The Dodo Bird and dinosaurs are undoubtedly the most recognizable extinct species. The dodo has become the quintessential symbol of biodiversity loss because it is the first known species whose extinction can be directly attributed to human activity.
It was in the mid 16th century, when humans arrived on the island of Mauritius, that things started going wrong for the dodo. This 45lb flightless bird was completely fearless of humans. But believing that these new island inhabitants would share the land with respect for its original inhabitants and live in balance with its surroundings was something the dodos would come to regret. Only 80 years and many meals of roast dodo later, the species was completely extinct. But this was the 16th century, so can we really blame our ancestors for the ignorance of their actions?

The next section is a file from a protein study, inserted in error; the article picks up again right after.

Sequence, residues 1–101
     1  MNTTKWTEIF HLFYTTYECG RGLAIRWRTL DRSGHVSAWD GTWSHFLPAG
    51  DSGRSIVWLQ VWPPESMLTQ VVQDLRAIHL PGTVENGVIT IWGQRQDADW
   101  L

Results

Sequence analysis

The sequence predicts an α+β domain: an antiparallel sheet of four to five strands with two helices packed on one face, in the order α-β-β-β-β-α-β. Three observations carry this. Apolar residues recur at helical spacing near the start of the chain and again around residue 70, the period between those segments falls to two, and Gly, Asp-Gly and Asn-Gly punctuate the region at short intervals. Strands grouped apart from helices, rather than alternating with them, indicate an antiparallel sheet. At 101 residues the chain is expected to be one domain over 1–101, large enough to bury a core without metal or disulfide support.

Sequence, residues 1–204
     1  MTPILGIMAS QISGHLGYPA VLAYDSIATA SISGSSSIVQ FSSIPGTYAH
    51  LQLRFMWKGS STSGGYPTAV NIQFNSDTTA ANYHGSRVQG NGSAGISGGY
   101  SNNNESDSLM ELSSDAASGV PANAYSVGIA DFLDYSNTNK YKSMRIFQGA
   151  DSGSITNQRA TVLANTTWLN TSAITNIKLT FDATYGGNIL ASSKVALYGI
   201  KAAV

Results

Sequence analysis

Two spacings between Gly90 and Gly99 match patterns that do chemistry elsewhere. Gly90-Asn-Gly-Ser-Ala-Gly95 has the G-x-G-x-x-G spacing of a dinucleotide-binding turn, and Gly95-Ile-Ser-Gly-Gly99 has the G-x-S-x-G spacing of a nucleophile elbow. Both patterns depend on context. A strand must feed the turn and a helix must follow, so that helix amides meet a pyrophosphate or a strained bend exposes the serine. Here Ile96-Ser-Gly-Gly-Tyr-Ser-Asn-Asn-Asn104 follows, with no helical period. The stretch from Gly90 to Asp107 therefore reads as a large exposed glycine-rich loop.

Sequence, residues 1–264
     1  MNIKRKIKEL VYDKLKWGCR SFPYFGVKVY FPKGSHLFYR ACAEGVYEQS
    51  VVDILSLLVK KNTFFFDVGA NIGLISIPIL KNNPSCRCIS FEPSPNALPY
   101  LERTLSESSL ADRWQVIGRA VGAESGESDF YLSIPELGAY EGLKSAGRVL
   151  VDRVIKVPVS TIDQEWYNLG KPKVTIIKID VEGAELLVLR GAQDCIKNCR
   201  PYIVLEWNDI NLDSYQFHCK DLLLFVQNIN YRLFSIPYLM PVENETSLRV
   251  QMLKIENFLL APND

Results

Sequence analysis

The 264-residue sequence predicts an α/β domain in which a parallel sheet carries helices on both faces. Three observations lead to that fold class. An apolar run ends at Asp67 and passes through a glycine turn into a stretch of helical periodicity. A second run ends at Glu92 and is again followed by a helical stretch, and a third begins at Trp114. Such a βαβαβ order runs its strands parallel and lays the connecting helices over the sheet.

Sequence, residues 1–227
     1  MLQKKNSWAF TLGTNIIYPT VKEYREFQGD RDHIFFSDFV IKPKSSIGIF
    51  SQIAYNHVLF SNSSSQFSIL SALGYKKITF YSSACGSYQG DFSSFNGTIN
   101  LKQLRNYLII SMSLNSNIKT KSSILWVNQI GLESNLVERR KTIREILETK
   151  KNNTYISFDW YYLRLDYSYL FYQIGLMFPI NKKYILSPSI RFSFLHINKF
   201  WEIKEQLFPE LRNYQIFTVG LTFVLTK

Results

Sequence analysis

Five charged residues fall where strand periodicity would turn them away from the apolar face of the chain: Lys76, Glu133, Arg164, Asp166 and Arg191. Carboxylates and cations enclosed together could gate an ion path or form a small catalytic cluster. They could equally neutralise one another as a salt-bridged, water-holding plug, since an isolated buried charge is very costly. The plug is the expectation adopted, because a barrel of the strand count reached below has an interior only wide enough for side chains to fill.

Right now in Nagoya, Japan, the Conference of Parties to the Convention on Biological Diversity (CBD) is going on and Canada has just been named winner of the Dodo Award for leading the way to species extinction. This honour was bestowed upon us for our unhelpful behaviour in Access and Benefits Sharing negotiations, particularly in relation to Indigenous Peoples’ Rights. Canada was the only country to block reference to the United Nations Declaration on the Rights of Indigenous Peoples in the text. Action today ripples through the future, and a lot can change in 80 years. Whether it’s for better or for worse is our choice. This time, claiming ignorance is not an option.